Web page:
Riot Fest Presents: Movements at Metro

By Finn Hewes

19 May, 2019

Less than 24 hours had passed since leaving Metro (read my Black Pistol Fire review here) when I found myself back for more. Riot Fest sponsored a nationwide tour of four up-and-comers in what I would call the post-hardcore/post-punk movement. Catch the unofficial tour playlist here.

First to take the stage was Drug Church, at the ripe hour of 6:30 pm. Drug Church is a punk band hailing from Albany, NY with a virile, grunge infused sound. They thanked everyone for coming out early and paid respect to Chicago’s rich musical history before starting their action packed 30-minute set. They weren’t allowing photographers in the pit for this show, so my photos are a bit more distanced than I usually prefer, but oh well.

The show sold out, and nearly everyone was punctual. 1100 warm bodies were crammed into the small venue, not leaving much breathing room, but no one seemed to mind. Drug Church set the pace for the rest of the evening, earning a few crowd surfers and some light moshing. Lead singer Patrick Kindlon fielded a request for a deep-cut, replying “There’s over a thousand people here, but I’m gonna please you, sir, because you seem enthusiastic and I exist for that shit!” The crowd went nuts.

Next up was Trash Boat, a UK based post-hardcore band, who played punky and fast. They too gave a rambunctious performance, making full use of the stage. The pit saw a few more people go up, and the security guards had to rush around to push the crowd surfers back and toss out much-needed water bottles.

Trash Boat’s Tobi Duncan provided some intense power vocals, planting his foot on a monitor and letting her rip. The crowd seemed to know more of Trash Boat’s lyrics than those of Drug Church and seemed happy to wail along.

Boston Manor, the self-proclaimed best UK band on the tour, came out next, and matched and exceeded the previous group’s energy with ease. These guys somehow started a circular, or ovular, rather, most pit. In Metro. Crazy. Definitely not a big enough pit for that shit, but they happened upon a willing crowd and made it happen. It was a thing of beauty.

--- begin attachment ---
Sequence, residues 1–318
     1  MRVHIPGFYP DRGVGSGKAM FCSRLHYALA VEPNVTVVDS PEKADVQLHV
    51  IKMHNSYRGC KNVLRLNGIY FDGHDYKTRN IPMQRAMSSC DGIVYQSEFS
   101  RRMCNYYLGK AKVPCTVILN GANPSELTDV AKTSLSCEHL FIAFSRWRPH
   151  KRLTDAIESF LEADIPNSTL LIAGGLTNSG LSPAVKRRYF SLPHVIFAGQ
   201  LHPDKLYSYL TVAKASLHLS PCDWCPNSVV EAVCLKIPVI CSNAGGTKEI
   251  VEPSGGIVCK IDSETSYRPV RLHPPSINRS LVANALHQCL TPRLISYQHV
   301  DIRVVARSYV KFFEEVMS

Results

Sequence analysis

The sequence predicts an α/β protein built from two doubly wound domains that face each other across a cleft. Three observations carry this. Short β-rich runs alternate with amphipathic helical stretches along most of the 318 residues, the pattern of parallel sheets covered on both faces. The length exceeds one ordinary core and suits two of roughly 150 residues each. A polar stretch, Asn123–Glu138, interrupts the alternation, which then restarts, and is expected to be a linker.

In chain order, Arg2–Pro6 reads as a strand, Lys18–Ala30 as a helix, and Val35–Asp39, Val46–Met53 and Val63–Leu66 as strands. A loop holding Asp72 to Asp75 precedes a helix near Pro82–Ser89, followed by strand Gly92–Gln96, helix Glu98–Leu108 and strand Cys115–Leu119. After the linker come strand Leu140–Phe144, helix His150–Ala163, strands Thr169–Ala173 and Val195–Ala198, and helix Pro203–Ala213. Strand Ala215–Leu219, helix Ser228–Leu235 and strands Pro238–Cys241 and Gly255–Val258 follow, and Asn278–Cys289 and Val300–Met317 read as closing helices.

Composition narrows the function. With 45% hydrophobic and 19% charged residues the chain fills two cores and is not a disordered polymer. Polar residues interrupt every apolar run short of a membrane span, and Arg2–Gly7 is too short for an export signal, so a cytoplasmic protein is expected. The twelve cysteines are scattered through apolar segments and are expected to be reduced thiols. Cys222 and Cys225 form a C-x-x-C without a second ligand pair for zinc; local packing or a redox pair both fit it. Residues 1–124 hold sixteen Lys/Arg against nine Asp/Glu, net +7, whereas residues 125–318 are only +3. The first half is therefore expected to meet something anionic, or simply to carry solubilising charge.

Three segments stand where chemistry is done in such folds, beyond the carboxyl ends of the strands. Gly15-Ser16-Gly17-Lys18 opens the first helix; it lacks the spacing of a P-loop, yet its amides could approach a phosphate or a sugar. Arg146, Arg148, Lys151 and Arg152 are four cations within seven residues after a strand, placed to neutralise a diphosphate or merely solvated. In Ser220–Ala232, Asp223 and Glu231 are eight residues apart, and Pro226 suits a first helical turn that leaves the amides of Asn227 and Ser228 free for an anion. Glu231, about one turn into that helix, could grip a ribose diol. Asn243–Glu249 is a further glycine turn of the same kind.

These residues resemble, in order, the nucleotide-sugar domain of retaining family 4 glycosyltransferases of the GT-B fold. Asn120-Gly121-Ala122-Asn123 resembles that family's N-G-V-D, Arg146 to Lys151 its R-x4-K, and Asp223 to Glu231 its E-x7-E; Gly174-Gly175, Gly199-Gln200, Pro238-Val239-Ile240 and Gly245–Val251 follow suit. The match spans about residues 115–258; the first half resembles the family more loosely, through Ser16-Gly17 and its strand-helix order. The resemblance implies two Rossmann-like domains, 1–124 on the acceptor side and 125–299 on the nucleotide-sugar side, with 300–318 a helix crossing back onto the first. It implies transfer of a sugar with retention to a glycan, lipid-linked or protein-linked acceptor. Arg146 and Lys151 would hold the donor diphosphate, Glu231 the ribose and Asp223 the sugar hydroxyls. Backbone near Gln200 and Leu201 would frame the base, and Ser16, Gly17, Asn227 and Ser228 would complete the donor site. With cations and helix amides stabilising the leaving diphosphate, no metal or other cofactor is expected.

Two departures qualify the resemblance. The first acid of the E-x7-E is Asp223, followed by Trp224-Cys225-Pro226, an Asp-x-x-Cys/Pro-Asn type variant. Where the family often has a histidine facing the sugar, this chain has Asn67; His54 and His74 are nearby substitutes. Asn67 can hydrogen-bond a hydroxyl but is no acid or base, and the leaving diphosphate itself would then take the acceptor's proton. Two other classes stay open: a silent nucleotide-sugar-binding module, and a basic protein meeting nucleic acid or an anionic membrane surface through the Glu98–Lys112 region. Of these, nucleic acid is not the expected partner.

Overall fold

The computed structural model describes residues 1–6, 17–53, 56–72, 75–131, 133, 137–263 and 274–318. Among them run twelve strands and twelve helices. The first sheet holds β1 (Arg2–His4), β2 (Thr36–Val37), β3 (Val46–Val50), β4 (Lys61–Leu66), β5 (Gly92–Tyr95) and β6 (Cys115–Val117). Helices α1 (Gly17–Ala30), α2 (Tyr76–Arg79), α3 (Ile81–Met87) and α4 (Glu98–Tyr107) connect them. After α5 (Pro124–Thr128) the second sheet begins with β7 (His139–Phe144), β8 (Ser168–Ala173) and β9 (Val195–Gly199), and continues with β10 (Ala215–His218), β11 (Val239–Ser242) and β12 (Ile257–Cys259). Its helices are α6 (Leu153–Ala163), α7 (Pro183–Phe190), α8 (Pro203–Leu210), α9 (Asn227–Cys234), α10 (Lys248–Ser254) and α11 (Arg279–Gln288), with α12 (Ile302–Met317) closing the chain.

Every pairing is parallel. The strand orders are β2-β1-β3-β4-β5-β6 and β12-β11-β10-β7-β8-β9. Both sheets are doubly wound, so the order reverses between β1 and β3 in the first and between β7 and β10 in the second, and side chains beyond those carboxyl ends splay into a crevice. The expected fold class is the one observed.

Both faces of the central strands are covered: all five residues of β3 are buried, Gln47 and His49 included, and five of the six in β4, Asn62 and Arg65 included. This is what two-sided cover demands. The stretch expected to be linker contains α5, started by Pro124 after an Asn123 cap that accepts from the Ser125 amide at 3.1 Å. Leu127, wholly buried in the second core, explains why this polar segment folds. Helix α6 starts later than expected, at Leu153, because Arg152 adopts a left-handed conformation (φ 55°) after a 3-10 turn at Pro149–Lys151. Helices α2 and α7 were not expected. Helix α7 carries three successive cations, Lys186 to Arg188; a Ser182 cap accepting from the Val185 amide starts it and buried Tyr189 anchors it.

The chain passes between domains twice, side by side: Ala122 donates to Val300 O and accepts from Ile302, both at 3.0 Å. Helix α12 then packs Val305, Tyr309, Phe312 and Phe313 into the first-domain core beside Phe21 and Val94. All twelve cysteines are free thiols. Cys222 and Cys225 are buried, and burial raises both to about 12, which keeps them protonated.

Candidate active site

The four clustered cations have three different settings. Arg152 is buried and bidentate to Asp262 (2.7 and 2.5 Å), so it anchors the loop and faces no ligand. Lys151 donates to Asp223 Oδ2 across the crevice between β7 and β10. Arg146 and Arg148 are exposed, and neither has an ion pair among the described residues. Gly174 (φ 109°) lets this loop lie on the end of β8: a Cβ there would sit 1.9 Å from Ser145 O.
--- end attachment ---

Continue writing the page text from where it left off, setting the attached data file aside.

Boston Manor produced the most surfers of all four bands when the pit finally congealed back into a more static formation. Metro effectively became an emo Santa Cruz, as if Santa Cruz wasn’t emo enough already. These guys were probably my favorite performers of the night. Their show was wild, and I would highly recommend catching them live if the opportunity should ever arise. I saw them at Warped Tour in Nashville a few years back, and my how they’ve grown. They’ve garnered swagger and confidence over the past few years of touring and have really made a name for themselves.

Around 9pm, the headliners finally took the stage. Movements, a California based post-hardcore four-piece, gave the most subdued show of the evening. The crowd went the craziest for Movements, but I felt it was unearned.

Their show was tame compared to each of their openers… But they have the most Spotify hits of all of the groups and are one of the “biggest bands” on the Hot Topic circuit nowadays, so it stands to reason that the pink and green haired crowd would know all the hits.

That being said, each band that played showed up to show out. They left it all on stage and concluded the Riot Fest tour with a bang. If you missed it, I wouldn’t worry too much. Since the tragic demise of Warped Tour and the House of Vans in Chicago being closed for renovations, other powers that be in the subculture umbrella-genre have stepped up to the plate in a big way. They’ll be back around.